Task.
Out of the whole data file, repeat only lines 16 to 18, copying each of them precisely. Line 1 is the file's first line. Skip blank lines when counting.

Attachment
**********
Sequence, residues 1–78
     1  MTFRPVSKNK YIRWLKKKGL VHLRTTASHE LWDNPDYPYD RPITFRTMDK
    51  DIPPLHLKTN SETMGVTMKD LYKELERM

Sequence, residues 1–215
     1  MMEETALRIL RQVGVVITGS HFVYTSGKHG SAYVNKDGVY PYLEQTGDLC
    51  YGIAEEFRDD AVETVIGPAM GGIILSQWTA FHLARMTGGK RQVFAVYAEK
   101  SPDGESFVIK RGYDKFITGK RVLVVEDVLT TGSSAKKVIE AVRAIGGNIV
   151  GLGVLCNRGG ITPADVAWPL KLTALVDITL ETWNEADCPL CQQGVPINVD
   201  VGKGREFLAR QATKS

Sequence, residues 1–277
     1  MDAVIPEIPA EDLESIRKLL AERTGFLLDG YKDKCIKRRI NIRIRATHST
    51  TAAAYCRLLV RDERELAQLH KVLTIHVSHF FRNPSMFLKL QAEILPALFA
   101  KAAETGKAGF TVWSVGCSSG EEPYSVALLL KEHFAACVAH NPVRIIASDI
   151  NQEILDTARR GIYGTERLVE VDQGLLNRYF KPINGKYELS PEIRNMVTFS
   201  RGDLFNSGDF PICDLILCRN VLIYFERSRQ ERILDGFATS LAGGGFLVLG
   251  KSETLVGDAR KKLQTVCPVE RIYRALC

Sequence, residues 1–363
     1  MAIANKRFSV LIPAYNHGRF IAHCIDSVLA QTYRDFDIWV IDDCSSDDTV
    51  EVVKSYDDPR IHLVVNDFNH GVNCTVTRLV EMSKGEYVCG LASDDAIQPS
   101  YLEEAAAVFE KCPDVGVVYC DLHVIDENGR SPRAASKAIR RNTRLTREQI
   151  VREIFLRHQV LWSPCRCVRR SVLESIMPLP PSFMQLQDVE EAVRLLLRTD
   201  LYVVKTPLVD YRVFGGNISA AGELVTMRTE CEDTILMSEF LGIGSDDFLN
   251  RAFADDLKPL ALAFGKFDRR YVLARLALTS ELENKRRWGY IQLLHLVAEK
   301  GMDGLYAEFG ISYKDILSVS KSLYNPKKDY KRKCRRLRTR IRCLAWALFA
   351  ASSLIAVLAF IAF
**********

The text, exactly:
   251  KSETLVGDAR KKLQTVCPVE RIYRALC

Sequence, residues 1–363
     1  MAIANKRFSV LIPAYNHGRF IAHCIDSVLA QTYRDFDIWV IDDCSSDDTV